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David Zimmer

[December 11, 2003]


By David Zimmer

Avaya Forum Barcelona: Optimize Your Enterprise Communications -- Reduce Cost, Lower Risk, Grow Revenue

Avaya recently held its very successful Avaya Forum for its European, Middle-Eastern and African (EMEA) customers.  The venue was beautiful -- Barcelona with all the flare and romance for which the Spanish are known.  It was a great setting with many of the top-level Avaya executives from both Europe and the USA readily available to field customers’ questions.  The theme of the conference was “Reduce Cost – Lower Risk – Grow Revenue.”

Avaya seems genuinely interested in doing all three for its customers. While we are normally skeptical of these sorts of “customer-centric” forums because of the normal marketing hype and sales promotions, we walked away feeling that Avaya had really turned a corner and come to some rather solid business directions and decisions. Each executive spoke with assurance that Avaya was moving in a new direction that would better serve his or her customers. In fact, a statement made by Michael Thurk, Group VP Enterprise Communications, particularly impressed us.

“Listen, we have to do this stuff right.  Communications are our only product.  e study it, we live it, we breath it -- it is what we do. We don’t have any other products to rely on to keep the company afloat, therefore, we have to excel at building better products that meet your needs.”  - Michael Thurk, Avaya

That is a very powerful statement that sets a course for the future. Thurk added that Avaya is changing from a hardware company to a software company with a new emphasis on “business communications applications.” This means more than just voice or speech-enabling user interfaces to business applications; it means a combination of IP infrastructure, application servers and end-user devices that enable personal contacts to be more effective, which in turn makes the enterprise more productive. We coined the terms “micro-productivity” to measure an individual’s productivity increase and “macro-productivity” to measure the productivity increase across a group or the enterprise as a whole. More importantly, we believe that macro-productivity is where the real ROI payoffs to the enterprise will be made from these new products and technologies.

Just as business process engineering helped us streamline many of our enterprise work flow operations, these new communication applications will improve enterprise accessibility and responsiveness to its customers and supply chain partners -- and that is where the real money is!

So Avaya’s new thrust is “Lower Cost – Reduce Risk – Grow Revenue.” We feel that is the proper mantra for the enterprise market. 

We are not sure if “lower cost” alone is truly viable, though. After the economy’s blood-bath of the past years, the budget cuts, the “doing without but still doing the business,” we have trimmed the fat and gotten back to lean operations. Yes, we could probably still shed a few more dollars, just as we could always shed a bit more fat from the body during a diet, but maybe we have reached a good enough state for now. Continuing to focus on cost reduction may cause us to lose sight of a bigger payoff: Grow Revenue.

Avaya now provides the ability to lower technology costs because they are dispensing with expensive, proprietary hardware and leveraging IP technology infrastructure. But that switch introduces the risks of change into any operation -- as the adage states, “If it ain’t broke, don’t fix it.” There are many, perfectly good phone switches, voice mail systems and ACD boxes installed and running. The expense to move to new technology may not be justifiable at this point, plus it could be risky.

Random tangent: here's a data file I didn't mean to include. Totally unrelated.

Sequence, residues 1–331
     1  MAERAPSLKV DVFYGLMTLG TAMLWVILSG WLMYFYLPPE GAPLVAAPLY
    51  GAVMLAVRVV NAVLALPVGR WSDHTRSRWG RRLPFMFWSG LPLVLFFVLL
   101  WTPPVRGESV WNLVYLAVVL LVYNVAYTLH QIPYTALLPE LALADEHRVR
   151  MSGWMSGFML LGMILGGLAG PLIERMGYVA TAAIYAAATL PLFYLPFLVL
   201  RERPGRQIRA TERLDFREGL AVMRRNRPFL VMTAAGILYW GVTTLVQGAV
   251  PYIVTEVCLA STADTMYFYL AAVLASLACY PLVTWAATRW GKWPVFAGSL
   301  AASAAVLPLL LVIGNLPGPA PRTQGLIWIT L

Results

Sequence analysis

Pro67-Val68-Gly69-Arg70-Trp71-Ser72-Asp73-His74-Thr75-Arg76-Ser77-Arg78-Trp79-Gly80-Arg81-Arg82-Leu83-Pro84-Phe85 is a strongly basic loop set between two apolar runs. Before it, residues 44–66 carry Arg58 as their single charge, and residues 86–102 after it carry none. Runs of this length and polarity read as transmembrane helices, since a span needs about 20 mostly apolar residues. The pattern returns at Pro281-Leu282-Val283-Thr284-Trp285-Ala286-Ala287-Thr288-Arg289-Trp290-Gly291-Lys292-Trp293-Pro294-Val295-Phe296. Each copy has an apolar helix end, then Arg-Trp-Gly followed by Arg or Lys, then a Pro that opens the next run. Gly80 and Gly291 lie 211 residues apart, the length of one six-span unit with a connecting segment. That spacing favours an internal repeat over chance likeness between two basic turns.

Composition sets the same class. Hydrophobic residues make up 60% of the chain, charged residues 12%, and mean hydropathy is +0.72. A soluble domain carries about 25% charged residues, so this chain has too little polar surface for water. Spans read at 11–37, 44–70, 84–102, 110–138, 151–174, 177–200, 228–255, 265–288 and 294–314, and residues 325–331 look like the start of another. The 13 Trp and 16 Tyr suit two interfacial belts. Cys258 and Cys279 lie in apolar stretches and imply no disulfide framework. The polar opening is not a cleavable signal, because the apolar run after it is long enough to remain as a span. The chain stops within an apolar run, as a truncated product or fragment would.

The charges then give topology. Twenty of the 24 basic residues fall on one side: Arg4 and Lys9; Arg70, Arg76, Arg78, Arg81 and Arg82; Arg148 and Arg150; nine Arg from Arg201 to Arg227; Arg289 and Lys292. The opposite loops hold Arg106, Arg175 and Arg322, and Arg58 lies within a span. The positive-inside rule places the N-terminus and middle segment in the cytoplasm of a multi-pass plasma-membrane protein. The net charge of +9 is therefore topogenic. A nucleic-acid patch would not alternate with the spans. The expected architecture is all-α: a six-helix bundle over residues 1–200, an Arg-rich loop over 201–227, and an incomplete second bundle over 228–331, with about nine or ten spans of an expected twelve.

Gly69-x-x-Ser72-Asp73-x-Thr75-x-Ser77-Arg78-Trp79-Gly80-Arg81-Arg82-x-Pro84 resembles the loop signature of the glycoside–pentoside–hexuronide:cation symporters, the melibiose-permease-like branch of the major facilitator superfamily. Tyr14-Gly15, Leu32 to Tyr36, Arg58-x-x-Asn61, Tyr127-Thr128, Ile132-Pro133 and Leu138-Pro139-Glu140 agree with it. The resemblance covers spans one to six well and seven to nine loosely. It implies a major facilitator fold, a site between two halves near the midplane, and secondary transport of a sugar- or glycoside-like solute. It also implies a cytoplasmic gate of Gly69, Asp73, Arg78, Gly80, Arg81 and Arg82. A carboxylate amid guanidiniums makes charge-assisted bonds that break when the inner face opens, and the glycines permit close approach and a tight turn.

Avaya has overcome the “rip and replace” mentality of the past and lowered the risk factor by introducing their Unified Communication Center (UCC) product, along with Professional Services whereby a customer can outsource the care and feeding of enterprise communication technologies systems to Avaya. They have introduced some interesting migration strategies to move their existing customers to the newer platforms. And they have made their newer products work with their older products to make that transition less risky.

But the point that warmed our hearts the most was Avaya’s focus on enabling their customers to grow their revenues, in addition to reducing operational costs. They see that enterprise-wide communications are a very critical ingredient to growing revenues -- just as integral as the manufacturing production of “widgets” or methodologies for delivering services. By providing technology products that make enterprise communications more effective (less phone tag, more responsiveness, faster decisions, fewer missed opportunities), Avaya can help enterprise personnel efficiently and effectively acquire, support and retain customers and make more sales. More sales mean more revenue.

So, we are seeing a shift in emphasis from simply reducing costs to that of group productivity and revenue focus. This is really practical because it moves the enterprise perspective from just technology costs and management toward increasing the operational benefits to its end users and to the bottom-line results of the enterprise. That means a fundamental change in how enterprise planning and deployment of new communication technologies will take place. Rather than focusing on technology administration, hardware consolidation, packing more users onto one server, lowering the cost of handsets and disk storage -- which inherently have limited payoffs, we can begin to focus on more unlimited operational activities and payoffs.

Part 2

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